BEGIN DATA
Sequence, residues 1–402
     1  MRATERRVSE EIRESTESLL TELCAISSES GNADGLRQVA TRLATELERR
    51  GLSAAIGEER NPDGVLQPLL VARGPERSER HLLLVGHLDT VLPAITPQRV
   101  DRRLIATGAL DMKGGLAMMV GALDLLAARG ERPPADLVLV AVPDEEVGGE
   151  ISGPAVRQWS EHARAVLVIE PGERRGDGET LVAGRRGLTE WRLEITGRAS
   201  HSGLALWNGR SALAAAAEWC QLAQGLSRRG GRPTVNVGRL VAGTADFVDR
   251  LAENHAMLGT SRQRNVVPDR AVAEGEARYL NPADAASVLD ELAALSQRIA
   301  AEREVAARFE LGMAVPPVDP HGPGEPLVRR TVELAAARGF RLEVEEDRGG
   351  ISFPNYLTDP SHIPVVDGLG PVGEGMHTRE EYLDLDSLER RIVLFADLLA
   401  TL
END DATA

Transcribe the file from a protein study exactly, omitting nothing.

Sequence, residues 1–402
     1  MRATERRVSE EIRESTESLL TELCAISSES GNADGLRQVA TRLATELERR
    51  GLSAAIGEER NPDGVLQPLL VARGPERSER HLLLVGHLDT VLPAITPQRV
   101  DRRLIATGAL DMKGGLAMMV GALDLLAARG ERPPADLVLV AVPDEEVGGE
   151  ISGPAVRQWS EHARAVLVIE PGERRGDGET LVAGRRGLTE WRLEITGRAS
   201  HSGLALWNGR SALAAAAEWC QLAQGLSRRG GRPTVNVGRL VAGTADFVDR
   251  LAENHAMLGT SRQRNVVPDR AVAEGEARYL NPADAASVLD ELAALSQRIA
   301  AEREVAARFE LGMAVPPVDP HGPGEPLVRR TVELAAARGF RLEVEEDRGG
   351  ISFPNYLTDP SHIPVVDGLG PVGEGMHTRE EYLDLDSLER RIVLFADLLA
   401  TL